758 F2d 979 United States v. Malloy

758 F.2d 979

UNITED STATES of America, Appellee,
John Archer MALLOY, Appellant.

No. 84-6316.

United States Court of Appeals,
Fourth Circuit.

Argued Jan. 9, 1985.
Decided March 27, 1985.

J. Lloyd Snook, III, Charlottesville, Va. (Paxson, Smith, Gilliam & Scott, Charlottesville, Va., on brief), for appellant.

William G. Otis, Asst. U.S. Atty., Alexandria, Va. (Elsie L. Munsell, U.S. Atty., Alexandria, Va., on brief), for appellee.

Before HALL and SPROUSE, Circuit Judges, and BUTZNER, Senior Circuit Judge.

K.K. HALL, Circuit Judge.

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John Archie Malloy, who was convicted of armed bank robbery under 18 U.S.C. Sec. 2113(a) and (d), appeals from the district court's order, denying his motion to vacate his conviction and sentence pursuant to 28 U.S.C. Sec. 2255. We affirm.



On January 3, 1975, the Alexandria National Bank in Alexandria, Virginia, was robbed by four black males. William C. Webster was arrested that same day and charged with armed bank robbery, in violation of 18 U.S.C. Sec. 2113(a) and (d). Malloy was indicted under the same sections on February 5, 1975.


Webster was tried and convicted in a jury trial held in district court before the Honorable Robert Merhige on February 26 and 27, 1975. Malloy was tried and convicted by a jury on April 3, 1975, with the Honorable Richard B. Kellam presiding. One juror, Alva Gossman, served on both juries.


At the beginning of each voir dire, the district judge read the indictments to the venire, describing the offenses charged and using virtually identical language.1 At Malloy's trial, the venire, including Gossman, was asked, "Do any members of the jury know anything about the facts concerning this case? ... Have you formed or expressed any opinions concerning the matters in issue?" Gossman did not answer.


Malloy unsuccessfully appealed his conviction to this Court.2 Twice thereafter, he launched collateral attacks on his conviction, neither of which succeeded.3


On December 2, 1981, nearly seven years after his trial and conviction, Malloy moved pro se to vacate his conviction and sentence under 28 U.S.C. Sec. 2255, alleging for the first time that Gossman, a juror at his trial, had previously served as a juror at the trial of Webster, and that Gossman had failed to reveal this fact on voir dire.4 Malloy contended that when Gossman said nothing about her prior service and subsequently served at his own trial, he was denied his right to a verdict by an impartial and competent jury, in violation of the Sixth Amendment.


The district court dismissed Malloy's motion, ruling, inter alia, that Malloy's claim challenging the qualifications of juror Gossman was waived when not raised at the inception of the trial. On appeal, we vacated the order of the district court, finding that the issue had been raised at voir dire and that Gossman had not responded truthfully when the veniremen were asked several questions about their knowledge of the case. We also held that Gossman's prior service in the Webster case rendered her an incompetent juror and that upon a timely challenge she should have been removed for cause. We declined to rule on the merits of Malloy's petition, however, and remanded the case with instructions to the district court to hold an evidentiary hearing if it deemed one necessary. We further stated that "[u]nless persuasive new facts or legal arguments appear, the district court must set aside the conviction or grant other appropriate relief."5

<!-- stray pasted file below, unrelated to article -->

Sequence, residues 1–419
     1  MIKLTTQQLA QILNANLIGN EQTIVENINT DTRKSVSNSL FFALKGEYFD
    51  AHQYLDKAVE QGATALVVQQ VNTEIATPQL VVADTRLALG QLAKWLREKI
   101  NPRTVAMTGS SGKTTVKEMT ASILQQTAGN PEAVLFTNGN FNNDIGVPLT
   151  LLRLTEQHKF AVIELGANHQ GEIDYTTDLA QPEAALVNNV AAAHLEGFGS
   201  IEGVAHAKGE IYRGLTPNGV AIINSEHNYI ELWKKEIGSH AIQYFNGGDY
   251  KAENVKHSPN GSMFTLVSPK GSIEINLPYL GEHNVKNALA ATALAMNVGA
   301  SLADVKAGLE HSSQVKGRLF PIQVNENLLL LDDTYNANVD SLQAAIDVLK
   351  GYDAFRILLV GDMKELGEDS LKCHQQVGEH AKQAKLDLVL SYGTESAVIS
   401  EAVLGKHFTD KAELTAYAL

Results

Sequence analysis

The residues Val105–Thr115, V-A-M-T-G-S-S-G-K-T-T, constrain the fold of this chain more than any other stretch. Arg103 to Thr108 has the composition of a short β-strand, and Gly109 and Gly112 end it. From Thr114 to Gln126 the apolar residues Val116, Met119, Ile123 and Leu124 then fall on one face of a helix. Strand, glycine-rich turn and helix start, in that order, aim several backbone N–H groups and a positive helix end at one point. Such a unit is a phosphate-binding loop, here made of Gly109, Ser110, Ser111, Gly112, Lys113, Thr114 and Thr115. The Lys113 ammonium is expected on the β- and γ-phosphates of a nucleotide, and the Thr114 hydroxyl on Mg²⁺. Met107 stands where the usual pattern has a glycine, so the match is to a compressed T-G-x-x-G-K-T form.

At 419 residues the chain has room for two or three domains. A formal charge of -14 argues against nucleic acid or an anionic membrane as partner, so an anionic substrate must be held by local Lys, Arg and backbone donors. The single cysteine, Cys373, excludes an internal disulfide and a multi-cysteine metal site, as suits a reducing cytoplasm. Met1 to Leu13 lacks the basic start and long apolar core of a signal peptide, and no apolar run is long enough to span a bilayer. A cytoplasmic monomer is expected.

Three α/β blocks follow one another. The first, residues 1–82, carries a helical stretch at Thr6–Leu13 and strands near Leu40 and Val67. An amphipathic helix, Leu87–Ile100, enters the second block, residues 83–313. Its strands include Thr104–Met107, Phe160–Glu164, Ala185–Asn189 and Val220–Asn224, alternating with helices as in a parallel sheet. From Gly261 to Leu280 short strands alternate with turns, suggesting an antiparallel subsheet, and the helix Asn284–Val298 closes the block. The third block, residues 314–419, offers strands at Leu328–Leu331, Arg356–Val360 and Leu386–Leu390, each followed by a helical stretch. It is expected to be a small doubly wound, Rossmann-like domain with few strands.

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On January 16, 1984, the district court held the hearing as directed. At that hearing, Malloy's counsel stated that Gossman was seventy-seven years old and had suffered four strokes since 1975. Counsel also stated that Gossman was unable to speak but that she had communicated in a written note that she recalled none of the facts or circumstances surrounding her service in the case. The parties agreed that Gossman was too ill to testify and to explain her silence on voir dire. The parties further agreed that at that time in 1984, nearly ten years after the trial, Gossman had no memory of the trial, and her testimony would not present new facts for consideration. As a result, Gossman did not appear at the hearing, and neither side offered any evidence.


The district court denied Malloy's motion to vacate on April 30, 1984. The court concluded that Malloy was not denied his right to due process by Gossman's service on his jury. The court held that the standard of review applied to assess juror impartiality after a verdict has been reached, is a showing of actual bias, and that Malloy had failed to meet his burden of showing that Gossman harbored actual bias.


The court also believed, however, that Malloy would still be entitled to a new trial if the facts supported a claim of bias per se, irrespective of Gossman's inability to testify about her mental state during Malloy's trial. The court held that the findings of this case did not present appropriate circumstances for a finding of bias per se. The district court noted that Malloy was tried and convicted on the basis of evidence "totally independent" of the evidence adduced at the Webster trial, and that Gossman's exposure to the Webster evidence created no realistic possibility that she was prejudiced in fact at Malloy's trial.